Tuesday, October 24, 2006

Judicial Precedent - ELS

Question 1:


People want 2 consistent things:

1. That the law shall be certain, and
2. That it shall be just and move with times

Rigid adherence to precedents will do. Paying lip service to precedent, while admitting the fine distinctions gives us the worst of both worlds.

On the other hand, too much flexibility leads to intolerance and uncertainty.

Discuss.



Answer guide:
  1. What is precedent? Explain stare decisis.
  2. Law made by judges – compare with parliament – the ultimate body that makes law – the people who are elected by the voters – whereas, judges are unelected.
  3. How is precedent said to be certain?
  4. Like cases are supposed to be treated alike – this in certain ways achieves certainty. Why?
  5. Similar facts – similar decisions are supposed to be made by judges; but what’s the problem? Judges when making decisions have choices – what are the choices available to them?
  • They can follow previous cases
  • Distinguish
  • Overrule
  • Reverse
  • Disapprove

6. Judges often try to distinguish cases that the end results is sometimes illogical.
7. So how can the law be certain when judges are allowed to distinguish and make their own decisions which will then result in uncertainties?

8. Is there strict adherence to precedent by judges?
9. HL (1966) Lord Gardiner issued a practice statement – that HL can depart from their own previous decisions of which they had previously bounded by them (see: London Tramways Co Ltd v London Borough Council)

10. But do they do so? Initially No (see: R v Kansal; R v Lambert)
11. Later, they were more prepared to apply the practice statement (1966)
12. R v R – rape within marriages – wife no longer a property of husband.
13. Hall v Simons (2000) HL – refuse to follow earlier case of Randel v Worsley (1969) which had given barristers immunity against claims of negligence for their presentation of cases in court.

Court of Appeal (CA)

General rule – bounded by their own previous decisions – 3 exceptions

(i) Decisions made per incurium
(ii) 2 conflicting CA decisions
(iii) HL (implied) had overrule CA’s decision.

Dixon v British Broadcasting Corporation (1955)

- A decision on the construction of statutory provision was regarded as per incurium on the ground that other relevant provisions which threw light on the words in question had not been brought to the attention of the court.

Bonnlami v Home Secretary (1985)

- Failure to consider a statutory provision is one of the clearest cases in which the principles laid down in Young v Bristol Aeroplane, this court is not bound to follow its own decision.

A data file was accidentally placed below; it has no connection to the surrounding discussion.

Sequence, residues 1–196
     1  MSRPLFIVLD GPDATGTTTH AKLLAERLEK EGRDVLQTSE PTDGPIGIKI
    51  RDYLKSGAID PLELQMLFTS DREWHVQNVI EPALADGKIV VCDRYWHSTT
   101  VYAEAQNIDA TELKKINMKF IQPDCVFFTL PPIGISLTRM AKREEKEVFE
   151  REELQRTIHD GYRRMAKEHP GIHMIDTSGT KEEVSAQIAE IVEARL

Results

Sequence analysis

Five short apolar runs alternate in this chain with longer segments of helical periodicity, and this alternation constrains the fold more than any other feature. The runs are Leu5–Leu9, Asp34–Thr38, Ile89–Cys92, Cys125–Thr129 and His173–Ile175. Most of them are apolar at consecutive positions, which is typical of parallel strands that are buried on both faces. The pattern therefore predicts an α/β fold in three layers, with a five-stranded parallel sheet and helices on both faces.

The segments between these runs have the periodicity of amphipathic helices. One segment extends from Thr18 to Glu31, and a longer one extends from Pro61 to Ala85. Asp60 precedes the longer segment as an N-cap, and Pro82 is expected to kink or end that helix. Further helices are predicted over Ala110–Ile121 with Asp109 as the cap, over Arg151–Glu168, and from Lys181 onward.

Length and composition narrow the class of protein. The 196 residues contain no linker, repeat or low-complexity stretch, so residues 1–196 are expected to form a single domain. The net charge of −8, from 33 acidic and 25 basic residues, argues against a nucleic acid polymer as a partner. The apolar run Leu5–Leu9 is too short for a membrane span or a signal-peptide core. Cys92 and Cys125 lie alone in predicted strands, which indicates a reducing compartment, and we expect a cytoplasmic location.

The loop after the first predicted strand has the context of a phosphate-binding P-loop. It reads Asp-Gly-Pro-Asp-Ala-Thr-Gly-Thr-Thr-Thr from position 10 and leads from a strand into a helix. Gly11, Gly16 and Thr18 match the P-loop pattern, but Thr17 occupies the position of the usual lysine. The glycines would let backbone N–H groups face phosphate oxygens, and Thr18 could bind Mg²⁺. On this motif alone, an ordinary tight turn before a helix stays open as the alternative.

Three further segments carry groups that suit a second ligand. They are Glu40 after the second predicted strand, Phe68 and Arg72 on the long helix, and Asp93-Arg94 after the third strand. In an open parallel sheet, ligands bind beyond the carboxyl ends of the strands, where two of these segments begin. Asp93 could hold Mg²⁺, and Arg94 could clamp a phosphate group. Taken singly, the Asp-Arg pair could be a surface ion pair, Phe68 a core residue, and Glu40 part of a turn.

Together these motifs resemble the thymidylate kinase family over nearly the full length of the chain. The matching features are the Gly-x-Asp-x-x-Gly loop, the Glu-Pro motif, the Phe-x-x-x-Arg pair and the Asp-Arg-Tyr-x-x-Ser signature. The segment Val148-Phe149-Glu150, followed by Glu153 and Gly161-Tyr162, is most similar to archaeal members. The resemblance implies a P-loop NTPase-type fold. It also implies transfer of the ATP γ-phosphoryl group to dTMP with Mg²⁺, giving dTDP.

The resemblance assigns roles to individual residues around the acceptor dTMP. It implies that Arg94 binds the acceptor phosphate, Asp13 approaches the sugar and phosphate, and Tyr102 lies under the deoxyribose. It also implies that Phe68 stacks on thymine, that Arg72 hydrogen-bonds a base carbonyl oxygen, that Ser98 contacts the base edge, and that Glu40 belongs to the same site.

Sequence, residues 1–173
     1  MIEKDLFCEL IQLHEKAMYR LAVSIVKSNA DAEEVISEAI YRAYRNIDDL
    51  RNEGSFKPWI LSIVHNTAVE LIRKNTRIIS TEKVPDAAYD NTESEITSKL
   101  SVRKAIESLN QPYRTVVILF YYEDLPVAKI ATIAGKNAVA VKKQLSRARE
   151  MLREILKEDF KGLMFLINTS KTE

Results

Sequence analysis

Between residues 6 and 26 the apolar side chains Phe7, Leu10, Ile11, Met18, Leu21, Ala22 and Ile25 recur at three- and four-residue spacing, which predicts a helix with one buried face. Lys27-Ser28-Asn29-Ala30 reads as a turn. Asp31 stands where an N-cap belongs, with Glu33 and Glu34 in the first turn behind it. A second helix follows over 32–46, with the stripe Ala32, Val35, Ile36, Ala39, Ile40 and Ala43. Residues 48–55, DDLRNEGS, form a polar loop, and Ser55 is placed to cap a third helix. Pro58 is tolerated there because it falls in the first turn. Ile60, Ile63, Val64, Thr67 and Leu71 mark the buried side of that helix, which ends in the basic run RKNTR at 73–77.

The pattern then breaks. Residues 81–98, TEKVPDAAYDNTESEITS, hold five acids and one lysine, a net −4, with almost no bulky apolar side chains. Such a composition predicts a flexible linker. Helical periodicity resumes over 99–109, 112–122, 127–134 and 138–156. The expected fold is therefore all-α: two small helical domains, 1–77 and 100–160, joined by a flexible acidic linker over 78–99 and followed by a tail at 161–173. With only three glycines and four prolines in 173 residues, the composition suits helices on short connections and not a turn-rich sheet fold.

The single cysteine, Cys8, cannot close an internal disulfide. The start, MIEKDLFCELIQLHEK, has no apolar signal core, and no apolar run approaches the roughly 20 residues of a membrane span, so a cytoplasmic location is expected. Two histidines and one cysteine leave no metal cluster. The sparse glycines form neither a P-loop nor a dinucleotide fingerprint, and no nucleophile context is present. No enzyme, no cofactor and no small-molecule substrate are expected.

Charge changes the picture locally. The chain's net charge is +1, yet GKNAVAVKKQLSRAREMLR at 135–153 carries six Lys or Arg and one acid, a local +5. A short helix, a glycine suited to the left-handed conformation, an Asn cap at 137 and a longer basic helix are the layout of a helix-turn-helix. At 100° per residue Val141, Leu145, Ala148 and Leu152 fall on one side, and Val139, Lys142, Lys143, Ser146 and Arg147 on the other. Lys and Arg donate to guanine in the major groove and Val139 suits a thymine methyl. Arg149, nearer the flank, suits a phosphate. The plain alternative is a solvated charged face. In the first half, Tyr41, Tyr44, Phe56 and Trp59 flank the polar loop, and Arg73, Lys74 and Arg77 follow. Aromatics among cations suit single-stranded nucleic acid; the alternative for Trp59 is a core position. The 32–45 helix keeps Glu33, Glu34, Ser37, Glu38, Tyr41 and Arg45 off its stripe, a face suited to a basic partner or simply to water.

Midland Banker Trust Co Ltd v Hatt Stubbs & Kemp

- Decline to follow decision of CA in Groom v Crocker on ground that inconsistent with subsequent decision of HL in Hedley Bryne Co Ltd v Heller & Partners Ltd.

14. But do judges really make laws?

15. What if there is no precedent laid down on principles or law for a new/novel case?

16. Judge will still have to come to a decision and they cannot say that they refuse to make a decision.

Donoghue v Stevenson

- Is the principle enunciated something new or is it a new principle or is it merely expanding or modified or altered to allow those who are not in a contractual relationship to claim remedies?

Hedley Bryne v Heller & Partners

- Is the case expressing a new point or principle or merely expanding it to cover economic loss? Bear in mind the principle was taken from the case of Donoghue v Stevenson.

- Look at the case of AIREDALE & RE: A (2002)

How are we to achieve consistency & certainty if judges are allowed to choose what mode they would want to use in deciding cases that come before them?

What do we achieve by having consistency and certainty in the law?

- Lawyers can plan ahead when advising their clients on whether they have a good or bad case and whether it should be litigated.

Flexibility

- Judges can make law. Changes in social policies and economic policies – these changes are faster than the parliamentary process of enacting legislation.

Uncertainty

- Ability of judges/judiciary to select which authority to follow through the use of ‘Distinguishing mechanism’.

So how do we actually achieve certainty?

- In the long run, this can only undermine a system which claims to operate on the basis of a hierarchy of binding precedent.

Conclusion

Weigh the advantage and disadvantages of flexibility, certainty and consistency against uncertainty, rigidity and inconsistency to see whether it has tilted the balance of convenience.

Broome v Cassell, Lord Hailsham (HL)

Principles: Exemplary Damages
Ratio Decidendi: Judicial Precedent & Usurpation of power by CA